In fact, there was a problem!
I stood outside Mom and Dad’s house, waiting for Claudette to arrive with the key. But my stomach was churning. How would it feel walking back into that home without Mom and Dad there? It had taken me a long time to get over their deaths.
And how would it feel to be handling Ouma Plaatjies’ possessions there in the shed? She had been an amazing old lady, inspiring, despite the short time I knew her. She had always known the right things to say to me.
“Yes, Faheema, my engel, you are part of our family. You are my true granddaughter. Just as if you were born to us. Especially since you love music. Just like me.”
So how would it feel, watching Claudette rifling through her things, on a mission to make some extra cash?
Claudette arrived at the house with the key. And with Mr Dordrecht. Mr Dordrecht was bald and bespectacled – and an antiques dealer.
“He’ll give me estimates,” said Claudette. Her eyes were shining with anticipation. “I tell you, Faheema, there’s a flaming fortune in that shed. I can feel it in my bones.”
I followed my sister and her antique dealer through the house. It was hard. Painful. I could almost hear echoes of Ouma’s gentle voice as she taught me to play the piano: “Not quite, Faheema, my engel. It’s a semibreve, see? So you have to hold it for four counts.”
In the kitchen, I could almost smell Mom’s perfume as she used to hug me whenever I looked like I needed it – which was often! At the back door, I could still picture Dad sitting there and shining our school shoes. All six of them. Every weekday evening, without fail.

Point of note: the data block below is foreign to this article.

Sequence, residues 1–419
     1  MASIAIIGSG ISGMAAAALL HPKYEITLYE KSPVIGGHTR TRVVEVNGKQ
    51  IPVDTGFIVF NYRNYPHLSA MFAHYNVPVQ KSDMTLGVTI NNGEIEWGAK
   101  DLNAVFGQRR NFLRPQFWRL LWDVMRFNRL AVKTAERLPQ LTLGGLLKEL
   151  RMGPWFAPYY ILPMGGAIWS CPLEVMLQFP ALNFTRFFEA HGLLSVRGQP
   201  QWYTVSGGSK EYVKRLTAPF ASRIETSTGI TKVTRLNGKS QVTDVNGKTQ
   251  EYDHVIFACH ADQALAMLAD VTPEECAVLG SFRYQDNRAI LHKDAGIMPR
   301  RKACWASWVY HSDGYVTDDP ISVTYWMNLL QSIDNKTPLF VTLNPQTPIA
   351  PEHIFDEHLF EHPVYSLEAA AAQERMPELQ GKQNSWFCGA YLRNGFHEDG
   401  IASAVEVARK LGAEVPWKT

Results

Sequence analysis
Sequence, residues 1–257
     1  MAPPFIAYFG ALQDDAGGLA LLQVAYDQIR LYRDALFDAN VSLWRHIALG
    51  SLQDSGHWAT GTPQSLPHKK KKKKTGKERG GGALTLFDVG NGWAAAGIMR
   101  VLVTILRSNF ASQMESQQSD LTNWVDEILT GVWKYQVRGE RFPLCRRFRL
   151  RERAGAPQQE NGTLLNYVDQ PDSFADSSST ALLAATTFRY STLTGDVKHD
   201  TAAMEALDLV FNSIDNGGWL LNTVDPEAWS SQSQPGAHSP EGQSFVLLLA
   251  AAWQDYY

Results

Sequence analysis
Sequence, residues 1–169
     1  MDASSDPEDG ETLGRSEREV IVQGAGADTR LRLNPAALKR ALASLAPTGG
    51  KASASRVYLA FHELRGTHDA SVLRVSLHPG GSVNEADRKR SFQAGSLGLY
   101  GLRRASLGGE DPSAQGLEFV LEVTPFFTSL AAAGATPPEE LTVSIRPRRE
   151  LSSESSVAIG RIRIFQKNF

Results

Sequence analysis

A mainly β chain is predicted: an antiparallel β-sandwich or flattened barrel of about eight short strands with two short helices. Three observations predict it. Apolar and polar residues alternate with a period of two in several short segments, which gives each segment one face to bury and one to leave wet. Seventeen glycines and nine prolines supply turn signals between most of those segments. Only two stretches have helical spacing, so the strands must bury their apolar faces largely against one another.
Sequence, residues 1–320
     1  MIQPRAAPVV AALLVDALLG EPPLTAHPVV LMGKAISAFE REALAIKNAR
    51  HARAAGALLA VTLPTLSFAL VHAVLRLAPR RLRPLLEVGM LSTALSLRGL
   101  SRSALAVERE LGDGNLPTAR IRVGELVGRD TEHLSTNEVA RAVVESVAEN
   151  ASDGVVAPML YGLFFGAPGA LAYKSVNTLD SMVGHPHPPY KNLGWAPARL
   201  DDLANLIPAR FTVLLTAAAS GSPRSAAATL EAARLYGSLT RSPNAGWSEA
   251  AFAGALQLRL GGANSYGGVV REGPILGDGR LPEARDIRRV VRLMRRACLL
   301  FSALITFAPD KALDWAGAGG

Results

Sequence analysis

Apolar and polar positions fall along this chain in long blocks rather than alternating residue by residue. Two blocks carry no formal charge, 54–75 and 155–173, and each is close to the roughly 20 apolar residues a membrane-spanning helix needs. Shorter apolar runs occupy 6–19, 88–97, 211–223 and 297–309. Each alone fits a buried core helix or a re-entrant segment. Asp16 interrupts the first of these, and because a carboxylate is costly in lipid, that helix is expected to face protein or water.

“Best foot forward, Faheema, my girl,” he would say. Whilst in the lounge, Claudette and Germaine argued at full volume about TV channels. And threatened to smash each other’s head in.
With a flourish, as if she were opening new shopping mall, Claudette unlocked the backyard shed. I gasped.
It was crammed full from floor to ceiling. There were crates and boxes balanced on top of one another. And any space between them was squeezed full with additional objects. Every single object seemed to be carefully wrapped in newspaper.
Decades of dust and cobwebs covered everything. Mr Dordrecht began coughing violently.
“Are you all right?” I asked, patting him on the back in case that would help.
Claudette was already pulling boxes out into the backyard. This was going to take a long, long time. Just as well Mr Isaacs at the library had given me a few days’ leave from work.
“Mind how you unwrap,” Claudette ordered. “If it gets broken, that whacks the price down horribly. Isn’t that right, Mr D?”
“Correct!” Mr Dordrecht confirmed. He had stopped coughing at last, but he seemed a little distressed about being called ‘Mr D’.
Claudette needn’t have worried about me. This was Mom’s stuff, Dad’s stuff, Ouma Plaatjies’ stuff. They had wrapped these goods up with their own dear, kind hands. How could I possibly be anything but gentle and respectful?
Tell us what you think: What will they discover in the shed? Is there really a fortune waiting there?